And I argue that, if the “religion” question were asked in that way, you’d get a different answer.

Posted by: Steve K at June 6, 2006 9:33 PM
Comment #154970

Steve K

Maybe you would get different answers. But the survey is trying to get at the perception of religion and that is what people are feeling comfortable or uncomfortable with in others.

I have always thought of “religion” as something that people practice in a formal setting with others and with some sort of ritual or holy books. Spritualality is something else. So is whether or not a person is a “good” follower of the religion.

Most religions seem as interested in following the instructions and rituals as anything else. The Catholic Church has major heresies over the idea of exactly how pure everybody had to be or if a priest had to be sinless or if he could still perform services if he wasn’t.

Your emphasis on empathy is a loose concept. Do you mean saying people’s bodies or their souls? You might not save a person’s life if you think it would jeapordize his soul.

All this is too much to talk about here, however. It is impossible to judge another person’s heart. Americans are very generous as a people. Europeans do with taxes what we do with private charity. We can only see the manifestations and render onto Ceasar what is Ceasar’s and onto God what is God’s.

Posted by: Jack at June 6, 2006 10:19 PM
Comment #154990

jack

You’re right. McCarthy’s zealous campaign to seek and destroy the communists living among us caused no physical deaths that we know of.

But what about all the lives and careers his allegations ruined? McCarthy left in his wake a lot of walking dead!

All

I’ve never understood all the fuss about the ten commandments. Nearly every religion has embraced moral precepts similar to the ten commandments.

One of the earliest forms of the commandments (in secular form) could be found in the ancient Egyptians’ “Book of the Dead” long before Moses went up the mountain.

The Jews just went one step further and added their god to the mix.

Note: The United States was not founded on Judeo-Christian beliefs. James Madison even went so far as to include that sentiment in a treaty with Tripoli in 1797.

The exact wording is as follows: “The government of the United States is not, in any sense, founded on the Christian religion.”

In fact, many of the Founders were Diests, as were many of the world’s great thinkers and statesmen during that period.

But in their public lives, they found it necessary, and politically convenient, to embrace one Christian denomination or another.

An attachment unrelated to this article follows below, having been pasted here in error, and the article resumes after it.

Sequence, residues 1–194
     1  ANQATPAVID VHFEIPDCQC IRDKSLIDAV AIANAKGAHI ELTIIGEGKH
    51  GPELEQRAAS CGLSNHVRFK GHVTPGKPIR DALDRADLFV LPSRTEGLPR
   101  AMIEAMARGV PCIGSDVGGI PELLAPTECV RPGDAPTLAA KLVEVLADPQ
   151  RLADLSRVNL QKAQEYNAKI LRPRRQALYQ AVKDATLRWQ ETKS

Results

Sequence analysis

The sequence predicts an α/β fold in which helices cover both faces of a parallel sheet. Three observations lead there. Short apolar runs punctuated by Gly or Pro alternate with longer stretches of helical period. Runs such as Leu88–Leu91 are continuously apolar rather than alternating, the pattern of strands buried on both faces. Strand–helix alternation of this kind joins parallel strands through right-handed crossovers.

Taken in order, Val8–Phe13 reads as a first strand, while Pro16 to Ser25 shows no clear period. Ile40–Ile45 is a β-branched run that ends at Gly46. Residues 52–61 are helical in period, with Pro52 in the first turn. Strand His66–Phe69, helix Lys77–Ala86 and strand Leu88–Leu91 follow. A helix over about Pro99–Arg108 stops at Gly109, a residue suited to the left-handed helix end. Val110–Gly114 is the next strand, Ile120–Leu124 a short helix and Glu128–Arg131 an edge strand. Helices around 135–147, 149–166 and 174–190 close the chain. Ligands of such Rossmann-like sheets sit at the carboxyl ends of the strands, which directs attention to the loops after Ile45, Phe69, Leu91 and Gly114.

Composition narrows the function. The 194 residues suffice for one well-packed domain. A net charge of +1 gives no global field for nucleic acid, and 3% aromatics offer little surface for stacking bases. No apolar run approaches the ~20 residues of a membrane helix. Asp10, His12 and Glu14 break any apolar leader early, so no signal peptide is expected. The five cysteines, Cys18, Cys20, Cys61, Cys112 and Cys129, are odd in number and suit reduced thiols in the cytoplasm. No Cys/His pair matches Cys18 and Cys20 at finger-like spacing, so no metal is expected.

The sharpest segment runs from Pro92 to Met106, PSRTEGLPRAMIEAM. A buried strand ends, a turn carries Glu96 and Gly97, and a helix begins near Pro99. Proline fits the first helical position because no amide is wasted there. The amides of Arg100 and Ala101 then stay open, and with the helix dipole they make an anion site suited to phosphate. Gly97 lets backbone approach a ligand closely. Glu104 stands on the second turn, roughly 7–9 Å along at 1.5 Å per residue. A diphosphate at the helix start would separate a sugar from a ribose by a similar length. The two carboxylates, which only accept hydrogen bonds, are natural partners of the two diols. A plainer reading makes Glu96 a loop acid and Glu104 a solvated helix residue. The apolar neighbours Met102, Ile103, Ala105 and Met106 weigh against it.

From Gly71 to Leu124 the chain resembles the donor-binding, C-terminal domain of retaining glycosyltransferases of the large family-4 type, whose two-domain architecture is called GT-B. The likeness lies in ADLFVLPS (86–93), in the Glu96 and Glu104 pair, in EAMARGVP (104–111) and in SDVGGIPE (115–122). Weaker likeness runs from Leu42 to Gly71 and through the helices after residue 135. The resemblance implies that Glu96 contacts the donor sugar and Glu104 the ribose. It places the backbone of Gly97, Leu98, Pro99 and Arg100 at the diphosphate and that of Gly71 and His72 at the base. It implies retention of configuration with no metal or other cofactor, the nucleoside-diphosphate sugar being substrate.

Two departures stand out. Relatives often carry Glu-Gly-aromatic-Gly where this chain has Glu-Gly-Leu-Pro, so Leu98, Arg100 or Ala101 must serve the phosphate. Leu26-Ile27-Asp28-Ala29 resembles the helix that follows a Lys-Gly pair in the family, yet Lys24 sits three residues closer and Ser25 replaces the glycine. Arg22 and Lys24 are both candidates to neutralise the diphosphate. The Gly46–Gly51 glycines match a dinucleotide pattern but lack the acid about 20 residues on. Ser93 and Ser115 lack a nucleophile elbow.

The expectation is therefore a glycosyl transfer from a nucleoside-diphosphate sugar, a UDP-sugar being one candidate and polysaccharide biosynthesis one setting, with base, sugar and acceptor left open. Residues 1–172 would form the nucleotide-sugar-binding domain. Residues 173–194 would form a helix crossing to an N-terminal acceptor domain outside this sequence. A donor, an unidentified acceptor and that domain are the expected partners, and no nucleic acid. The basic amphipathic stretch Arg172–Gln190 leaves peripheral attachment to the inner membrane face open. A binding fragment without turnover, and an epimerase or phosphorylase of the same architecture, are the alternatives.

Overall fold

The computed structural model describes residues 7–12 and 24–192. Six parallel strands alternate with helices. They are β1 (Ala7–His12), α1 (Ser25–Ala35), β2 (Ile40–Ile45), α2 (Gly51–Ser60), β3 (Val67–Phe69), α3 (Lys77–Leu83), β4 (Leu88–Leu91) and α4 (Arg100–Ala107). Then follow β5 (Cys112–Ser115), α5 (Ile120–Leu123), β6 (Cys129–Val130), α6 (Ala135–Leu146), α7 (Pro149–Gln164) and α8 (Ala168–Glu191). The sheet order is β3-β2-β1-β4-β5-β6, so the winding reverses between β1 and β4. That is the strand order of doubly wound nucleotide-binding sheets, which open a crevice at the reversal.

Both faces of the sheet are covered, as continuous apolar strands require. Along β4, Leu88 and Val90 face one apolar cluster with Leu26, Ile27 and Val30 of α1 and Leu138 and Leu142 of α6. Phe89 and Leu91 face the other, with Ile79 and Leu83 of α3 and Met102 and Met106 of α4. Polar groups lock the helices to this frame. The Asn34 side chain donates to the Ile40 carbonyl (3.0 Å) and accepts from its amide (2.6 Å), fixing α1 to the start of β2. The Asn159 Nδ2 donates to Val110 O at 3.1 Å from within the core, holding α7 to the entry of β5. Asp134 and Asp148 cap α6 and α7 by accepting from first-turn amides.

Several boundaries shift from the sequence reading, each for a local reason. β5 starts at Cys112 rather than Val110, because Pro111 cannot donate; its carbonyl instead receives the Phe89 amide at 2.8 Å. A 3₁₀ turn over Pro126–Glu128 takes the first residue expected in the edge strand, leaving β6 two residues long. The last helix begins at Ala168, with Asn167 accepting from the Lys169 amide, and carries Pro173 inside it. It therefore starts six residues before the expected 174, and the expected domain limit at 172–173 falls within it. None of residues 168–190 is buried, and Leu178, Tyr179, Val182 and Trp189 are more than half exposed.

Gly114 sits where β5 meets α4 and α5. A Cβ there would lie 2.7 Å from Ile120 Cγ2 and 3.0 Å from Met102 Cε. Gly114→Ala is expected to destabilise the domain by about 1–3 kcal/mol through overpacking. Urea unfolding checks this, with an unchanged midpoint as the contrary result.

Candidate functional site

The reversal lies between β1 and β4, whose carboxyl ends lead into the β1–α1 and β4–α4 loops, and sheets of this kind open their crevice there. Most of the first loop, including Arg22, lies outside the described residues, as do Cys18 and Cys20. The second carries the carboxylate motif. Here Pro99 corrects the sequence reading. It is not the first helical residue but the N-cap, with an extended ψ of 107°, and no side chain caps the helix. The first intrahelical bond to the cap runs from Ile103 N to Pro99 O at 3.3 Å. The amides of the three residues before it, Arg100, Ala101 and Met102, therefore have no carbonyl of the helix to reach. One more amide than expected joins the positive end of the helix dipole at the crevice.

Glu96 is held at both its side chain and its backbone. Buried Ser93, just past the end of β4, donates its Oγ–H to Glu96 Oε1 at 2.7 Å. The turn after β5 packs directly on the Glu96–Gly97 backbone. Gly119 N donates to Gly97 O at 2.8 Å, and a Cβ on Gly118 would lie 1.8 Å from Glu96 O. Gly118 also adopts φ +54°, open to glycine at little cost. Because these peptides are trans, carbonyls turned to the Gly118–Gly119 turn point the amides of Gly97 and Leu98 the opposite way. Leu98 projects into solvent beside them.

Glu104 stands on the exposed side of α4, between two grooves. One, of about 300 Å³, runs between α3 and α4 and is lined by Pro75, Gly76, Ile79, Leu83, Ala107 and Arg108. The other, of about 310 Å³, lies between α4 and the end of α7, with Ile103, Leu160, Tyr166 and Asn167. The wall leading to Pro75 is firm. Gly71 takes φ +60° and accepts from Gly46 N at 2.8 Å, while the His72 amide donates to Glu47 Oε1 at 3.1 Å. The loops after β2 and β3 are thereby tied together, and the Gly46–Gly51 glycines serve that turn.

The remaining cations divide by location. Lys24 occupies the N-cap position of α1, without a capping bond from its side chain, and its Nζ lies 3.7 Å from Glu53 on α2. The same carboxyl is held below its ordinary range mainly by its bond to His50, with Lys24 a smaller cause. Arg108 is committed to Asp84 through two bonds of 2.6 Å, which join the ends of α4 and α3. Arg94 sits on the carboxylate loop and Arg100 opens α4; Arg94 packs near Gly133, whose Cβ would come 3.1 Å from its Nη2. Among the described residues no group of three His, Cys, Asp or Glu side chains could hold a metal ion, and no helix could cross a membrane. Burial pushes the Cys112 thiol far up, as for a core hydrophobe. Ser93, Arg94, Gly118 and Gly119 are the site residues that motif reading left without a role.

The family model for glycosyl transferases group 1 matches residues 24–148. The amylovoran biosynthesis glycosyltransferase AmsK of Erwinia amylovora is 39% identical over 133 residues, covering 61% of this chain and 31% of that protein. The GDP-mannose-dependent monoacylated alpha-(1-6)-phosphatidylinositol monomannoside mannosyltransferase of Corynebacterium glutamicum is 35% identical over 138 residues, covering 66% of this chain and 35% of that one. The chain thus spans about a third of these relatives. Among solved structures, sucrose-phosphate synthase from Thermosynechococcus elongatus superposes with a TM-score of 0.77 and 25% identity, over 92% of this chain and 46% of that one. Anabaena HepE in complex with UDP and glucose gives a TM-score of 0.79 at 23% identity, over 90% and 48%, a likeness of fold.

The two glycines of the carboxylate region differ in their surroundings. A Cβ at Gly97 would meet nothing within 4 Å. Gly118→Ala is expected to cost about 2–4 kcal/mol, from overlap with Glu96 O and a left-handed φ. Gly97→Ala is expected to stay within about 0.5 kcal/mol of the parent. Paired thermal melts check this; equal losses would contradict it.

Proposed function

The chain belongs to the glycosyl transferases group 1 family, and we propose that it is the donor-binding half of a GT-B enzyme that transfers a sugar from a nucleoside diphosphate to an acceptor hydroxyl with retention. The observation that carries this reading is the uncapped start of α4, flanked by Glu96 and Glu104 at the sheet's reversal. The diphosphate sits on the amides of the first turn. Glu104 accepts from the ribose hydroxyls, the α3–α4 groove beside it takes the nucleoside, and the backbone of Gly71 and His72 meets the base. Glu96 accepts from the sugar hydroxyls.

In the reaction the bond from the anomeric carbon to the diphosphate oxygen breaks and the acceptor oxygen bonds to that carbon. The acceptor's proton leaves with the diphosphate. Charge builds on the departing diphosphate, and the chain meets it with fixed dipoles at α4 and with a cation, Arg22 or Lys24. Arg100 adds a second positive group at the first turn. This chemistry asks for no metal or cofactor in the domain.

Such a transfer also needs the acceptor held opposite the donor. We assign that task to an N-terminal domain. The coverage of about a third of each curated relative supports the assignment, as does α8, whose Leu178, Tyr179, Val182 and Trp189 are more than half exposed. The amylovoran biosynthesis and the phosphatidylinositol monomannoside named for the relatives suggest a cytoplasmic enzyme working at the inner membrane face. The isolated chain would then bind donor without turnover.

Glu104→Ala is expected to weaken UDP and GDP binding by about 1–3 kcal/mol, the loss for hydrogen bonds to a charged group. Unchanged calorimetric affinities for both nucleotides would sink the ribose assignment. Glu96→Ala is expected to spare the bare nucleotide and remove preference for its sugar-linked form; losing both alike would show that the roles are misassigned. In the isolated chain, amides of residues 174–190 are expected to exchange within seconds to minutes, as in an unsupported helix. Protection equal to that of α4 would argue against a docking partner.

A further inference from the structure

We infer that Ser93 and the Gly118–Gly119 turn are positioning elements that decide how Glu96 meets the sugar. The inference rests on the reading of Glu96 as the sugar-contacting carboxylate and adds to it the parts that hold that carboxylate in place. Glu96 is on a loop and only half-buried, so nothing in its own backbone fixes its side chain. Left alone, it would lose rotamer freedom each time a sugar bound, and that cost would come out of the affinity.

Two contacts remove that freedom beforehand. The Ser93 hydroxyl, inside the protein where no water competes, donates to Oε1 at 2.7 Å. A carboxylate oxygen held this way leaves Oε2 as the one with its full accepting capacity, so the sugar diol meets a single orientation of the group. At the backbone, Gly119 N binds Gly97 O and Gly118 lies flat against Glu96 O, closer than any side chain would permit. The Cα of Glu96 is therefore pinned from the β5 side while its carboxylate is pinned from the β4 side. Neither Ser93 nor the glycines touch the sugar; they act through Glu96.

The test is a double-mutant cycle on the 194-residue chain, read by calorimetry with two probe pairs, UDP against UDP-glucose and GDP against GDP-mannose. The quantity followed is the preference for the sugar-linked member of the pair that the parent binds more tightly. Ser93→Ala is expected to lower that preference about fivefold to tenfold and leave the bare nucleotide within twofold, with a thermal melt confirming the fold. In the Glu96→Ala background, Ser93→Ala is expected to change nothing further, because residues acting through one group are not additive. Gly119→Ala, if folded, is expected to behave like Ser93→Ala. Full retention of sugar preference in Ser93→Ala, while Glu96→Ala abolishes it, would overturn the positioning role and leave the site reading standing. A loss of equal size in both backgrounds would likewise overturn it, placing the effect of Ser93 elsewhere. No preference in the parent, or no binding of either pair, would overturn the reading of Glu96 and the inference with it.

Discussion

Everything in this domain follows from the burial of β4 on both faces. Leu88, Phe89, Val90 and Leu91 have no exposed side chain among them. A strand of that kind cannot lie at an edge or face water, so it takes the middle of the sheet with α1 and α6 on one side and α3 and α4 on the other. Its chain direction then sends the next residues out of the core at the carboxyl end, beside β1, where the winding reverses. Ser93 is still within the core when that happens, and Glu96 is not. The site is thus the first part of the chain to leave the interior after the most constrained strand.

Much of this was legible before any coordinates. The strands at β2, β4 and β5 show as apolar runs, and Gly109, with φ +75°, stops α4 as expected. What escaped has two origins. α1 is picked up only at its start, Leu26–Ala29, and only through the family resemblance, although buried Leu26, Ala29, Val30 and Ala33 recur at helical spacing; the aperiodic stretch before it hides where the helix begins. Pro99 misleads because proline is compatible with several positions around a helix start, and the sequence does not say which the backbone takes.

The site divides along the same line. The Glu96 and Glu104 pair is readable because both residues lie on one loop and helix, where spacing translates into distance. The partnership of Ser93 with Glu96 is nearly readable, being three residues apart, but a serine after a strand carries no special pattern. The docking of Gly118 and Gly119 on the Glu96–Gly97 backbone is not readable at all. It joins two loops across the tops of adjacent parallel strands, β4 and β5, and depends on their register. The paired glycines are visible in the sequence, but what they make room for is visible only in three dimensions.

Posted by: ulysses at June 6, 2006 10:58 PM
Comment #154995

JR

You can take any quote and fact you would like from the Founders and paint any picture you would like. They were public figures that said many things to appeal to the public and inspire a nation. Their quotes can be taken out of context and be misunderstood. But to suggest were founded on Judeo-Christian principles is not written anywhere. There are no facts to support this. It is assumed to be true by mostly deeply religious evangelicals.

But Evangelicals should remember that in the 1700’s they were labled dissenters for not conforming to the state church. They needed a state issued license to practice their religion.

Jefferson was not an Agnostic. He did believe in God. So did Thomas Paine, James Madison, Franklin, Washington and they were also Freemasons. but they did not believe in the God of Christianity, but the God of Deism. Also known as “Nature’s God”.

Did you know Thomas Jefferson rewrote the Gospels and removed all references to Jesus’s miracles and Son of God?

Article 11 of the Treaty of Tripoli states “As the Government of the United States of America is not, in any sense, founded on the Christian religion” - This was ratified by congress and signed by President Adams.

What about Thomas Paines Infamous book “The Age of Reason” where he attacks Christianity with venom and flatly states he is not a Christian and is a deist.

I have a lot more quotes and facts to suggest that Judeo-Christan principles did not influence our Constitution. It all depends on how you want to see it.

In reality, the answer is somwhere in between the narrow view of left wing liberals and Conservative Christians.

Posted by: Jerseyguy at June 6, 2006 11:18 PM
Comment #154996

Ulysses